A fall on this climb gave us some pause about some of our other ambitions for this year.
But the climb is excellent and we had it to ourselves.
Soon we were back for more, ...
... this time up the endless Symmetry Couloir.
I had last climbed Symmetry Spire's SW ridge in 2002 with someone I didn't know. (Bad idea.) Luckily, this time I knew my partner like none other.
The top of Symmetry is lovely,
as is Hanging Canyon,
but not the gully descent to get to it.
In between climbs, and when not in town taking a work day at a co-work office, our home was the GTCR.
From our front porch, we could see a family of ospreys on its nest.
From the communal kitchen, we could watch sandhill cranes, moose, and elk on the slope above.
So far, I don't know anywhere else like this.
Mt Owen awaited us next, ...
... a new peak for Aleksa and one which Bryan and I hadn't visited since 2003.
Sunrise found us above Amphitheatre Lake,
where a sneaky descent drops to an improbably large terminal moraine ...
... and some large boulder navigation.
We apologized about the climate to the Teton Glacier ...
... did some token still-on-glacier erratic bouldering, ...
... and started up the snow-free Koven couloir.
This was much more friendly than we'd feared, ...
and no ropes were unfurled before gaining the half-way ledge.
We were pretty content with our progress.
Next followed some remnant snow,
in which we kicked steps
before continuing a scramble to the East ridge.
More scrambling on pleasant (when dry) terrain
led to another short snow climb,
(more steps, some chopped).
The weather forecast was anomalously secure for the day, with near zero chance of rain or lightning. But one must never become complacent when making good time early on.
The ropes came out ...
... for the "direct" start to the ridge, followed by a curious bold step-around lead.
After that, Aleksa just took off up the 5.6 slab pitch,
so we had to follow.
Next was Bryan's lead -- up an amazing summit pitch,
which starts with a fun step-across from this horn/flake. Behind Aleksa lies the North Face, which had been on Bryan and my agenda before the trip began.
Our beloved Teewinot looks both familar and different from above, ...
and the extraordinary terminal moraine of the remnant Teton Glacier now looks like another diminutive Schoolroom.
We coiled ropes on the summit. Well done, Aleksa!! But remember what I said about celebrating too early?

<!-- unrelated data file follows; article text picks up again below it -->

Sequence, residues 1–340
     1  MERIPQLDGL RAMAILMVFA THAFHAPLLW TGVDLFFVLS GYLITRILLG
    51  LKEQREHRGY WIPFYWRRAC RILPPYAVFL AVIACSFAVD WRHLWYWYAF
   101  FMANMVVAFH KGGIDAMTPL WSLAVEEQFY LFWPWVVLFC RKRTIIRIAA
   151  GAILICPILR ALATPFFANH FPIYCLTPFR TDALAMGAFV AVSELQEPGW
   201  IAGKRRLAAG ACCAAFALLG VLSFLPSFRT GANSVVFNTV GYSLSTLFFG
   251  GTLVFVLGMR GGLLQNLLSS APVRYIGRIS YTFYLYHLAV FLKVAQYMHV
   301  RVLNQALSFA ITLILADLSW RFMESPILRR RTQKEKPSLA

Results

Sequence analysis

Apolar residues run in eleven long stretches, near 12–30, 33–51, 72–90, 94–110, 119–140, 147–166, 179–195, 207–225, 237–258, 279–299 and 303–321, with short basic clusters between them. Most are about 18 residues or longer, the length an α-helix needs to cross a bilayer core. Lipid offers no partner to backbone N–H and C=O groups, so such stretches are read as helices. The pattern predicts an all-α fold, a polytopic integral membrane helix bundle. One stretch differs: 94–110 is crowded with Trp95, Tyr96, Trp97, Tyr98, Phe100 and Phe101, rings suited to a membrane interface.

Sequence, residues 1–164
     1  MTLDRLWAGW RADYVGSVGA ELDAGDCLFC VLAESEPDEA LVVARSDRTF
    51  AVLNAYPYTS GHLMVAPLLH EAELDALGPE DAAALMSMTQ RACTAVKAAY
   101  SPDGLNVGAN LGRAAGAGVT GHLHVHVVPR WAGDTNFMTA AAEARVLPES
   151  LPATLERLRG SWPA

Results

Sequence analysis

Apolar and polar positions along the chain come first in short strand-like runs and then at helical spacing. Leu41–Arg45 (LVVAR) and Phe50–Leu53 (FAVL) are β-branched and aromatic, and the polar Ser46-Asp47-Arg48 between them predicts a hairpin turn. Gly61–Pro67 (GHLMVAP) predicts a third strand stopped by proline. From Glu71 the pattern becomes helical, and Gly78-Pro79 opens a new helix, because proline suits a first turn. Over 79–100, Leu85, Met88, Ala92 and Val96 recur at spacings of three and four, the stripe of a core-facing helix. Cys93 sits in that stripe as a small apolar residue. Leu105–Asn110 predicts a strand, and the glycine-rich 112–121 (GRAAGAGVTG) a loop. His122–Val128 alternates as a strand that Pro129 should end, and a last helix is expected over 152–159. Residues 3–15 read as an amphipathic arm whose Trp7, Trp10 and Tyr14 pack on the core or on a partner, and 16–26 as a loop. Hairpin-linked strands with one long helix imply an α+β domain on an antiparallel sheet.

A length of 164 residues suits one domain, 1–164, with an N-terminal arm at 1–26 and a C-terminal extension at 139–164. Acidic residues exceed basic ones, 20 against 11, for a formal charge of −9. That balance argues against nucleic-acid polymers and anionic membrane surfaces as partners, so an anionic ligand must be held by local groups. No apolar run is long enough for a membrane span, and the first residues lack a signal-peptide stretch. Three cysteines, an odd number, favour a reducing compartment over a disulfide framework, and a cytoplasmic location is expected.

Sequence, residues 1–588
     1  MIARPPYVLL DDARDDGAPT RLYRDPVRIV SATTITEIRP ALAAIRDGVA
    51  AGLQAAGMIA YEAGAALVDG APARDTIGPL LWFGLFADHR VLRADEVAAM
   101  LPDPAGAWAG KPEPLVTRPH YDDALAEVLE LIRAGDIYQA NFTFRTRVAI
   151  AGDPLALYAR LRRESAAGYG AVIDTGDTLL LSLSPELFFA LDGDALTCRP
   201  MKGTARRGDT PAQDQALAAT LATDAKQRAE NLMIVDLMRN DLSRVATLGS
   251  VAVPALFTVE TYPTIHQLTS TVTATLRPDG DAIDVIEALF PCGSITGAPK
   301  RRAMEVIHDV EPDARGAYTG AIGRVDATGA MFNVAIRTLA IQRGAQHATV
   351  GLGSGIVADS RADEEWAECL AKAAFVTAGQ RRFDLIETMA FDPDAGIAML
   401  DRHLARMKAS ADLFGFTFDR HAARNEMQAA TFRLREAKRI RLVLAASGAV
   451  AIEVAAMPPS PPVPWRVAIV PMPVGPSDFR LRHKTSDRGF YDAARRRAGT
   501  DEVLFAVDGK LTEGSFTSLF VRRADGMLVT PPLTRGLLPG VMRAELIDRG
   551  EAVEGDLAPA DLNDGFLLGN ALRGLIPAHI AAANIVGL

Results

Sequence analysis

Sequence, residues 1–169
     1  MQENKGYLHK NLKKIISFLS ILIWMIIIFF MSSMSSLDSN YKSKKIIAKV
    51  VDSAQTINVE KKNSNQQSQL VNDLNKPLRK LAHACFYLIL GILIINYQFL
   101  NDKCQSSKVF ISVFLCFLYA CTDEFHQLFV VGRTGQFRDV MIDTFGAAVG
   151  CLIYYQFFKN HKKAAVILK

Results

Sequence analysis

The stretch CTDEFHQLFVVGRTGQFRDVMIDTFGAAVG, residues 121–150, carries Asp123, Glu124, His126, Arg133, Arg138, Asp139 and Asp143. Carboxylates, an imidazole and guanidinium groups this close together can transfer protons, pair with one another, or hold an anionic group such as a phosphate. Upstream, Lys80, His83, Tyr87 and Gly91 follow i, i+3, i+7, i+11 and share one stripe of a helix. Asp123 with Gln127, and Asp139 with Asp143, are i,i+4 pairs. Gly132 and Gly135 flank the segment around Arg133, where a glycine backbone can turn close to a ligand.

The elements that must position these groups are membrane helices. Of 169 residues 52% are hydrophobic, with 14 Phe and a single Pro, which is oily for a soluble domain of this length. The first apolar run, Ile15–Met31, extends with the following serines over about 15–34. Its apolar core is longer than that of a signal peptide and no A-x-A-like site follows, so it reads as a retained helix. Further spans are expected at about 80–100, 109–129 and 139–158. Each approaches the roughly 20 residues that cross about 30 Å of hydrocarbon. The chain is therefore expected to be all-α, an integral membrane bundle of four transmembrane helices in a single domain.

You too, Bryan.
And you, Chris.
On the summit the entire time we were there sat two canoodling ravens!
The catch was that we planned to take the West Ledges descent, a route requiring "both luck and skill."
Down the Koven chimney, along the ridge ... not too far, not too soon ...
Hours later, we were still in the vertical maze of descent, scouting for the next unlikely downclimb or rappel. Increasingly we were doomed to darkness. And when darkness strikes, everything slows down by a considerable multiple. The descent into Valhalla Canyon took us all afternoon and evening ...
and a bushwhack to Cascade Creek well into the night. Our final step to get to a maintained trail was fording the creek. But then 8 km of trail made for a 25-hour day of climbing.
Before scattering from the Hole, we had one more piece of business:
to have Jorge visit the summit of the Grand.
Two nights at the Lower Saddle, ...
... combined with a confined-to-tent storm made for some good socializing, ...
... as well as a leisurely schedule for navigating to the Upper Saddle,
bypassing the crowds on O-S,
... and a good-bye visit to the top of the range.
We made many amazing new friends at the Ranch ... and many in the wild, too: a variant of nearly-black marmots, ...
some enormous crickets, ...
endless flowers, including fireweed ...
and paintbrush, ...
so many berries!!, ...
Blue grouse, ...
moths, alone and light-coloured, but sometimes dark-coloured and in the millions, butterflies in the millions and being gorged on by ravens, bears, moose, elk, ... and so much else.
I'm certainly willing in principle to get satiated with this place and to go somewhere else for vacation. But for the moment, I would say: we'll be back again soon.
Thank you, Aleksa!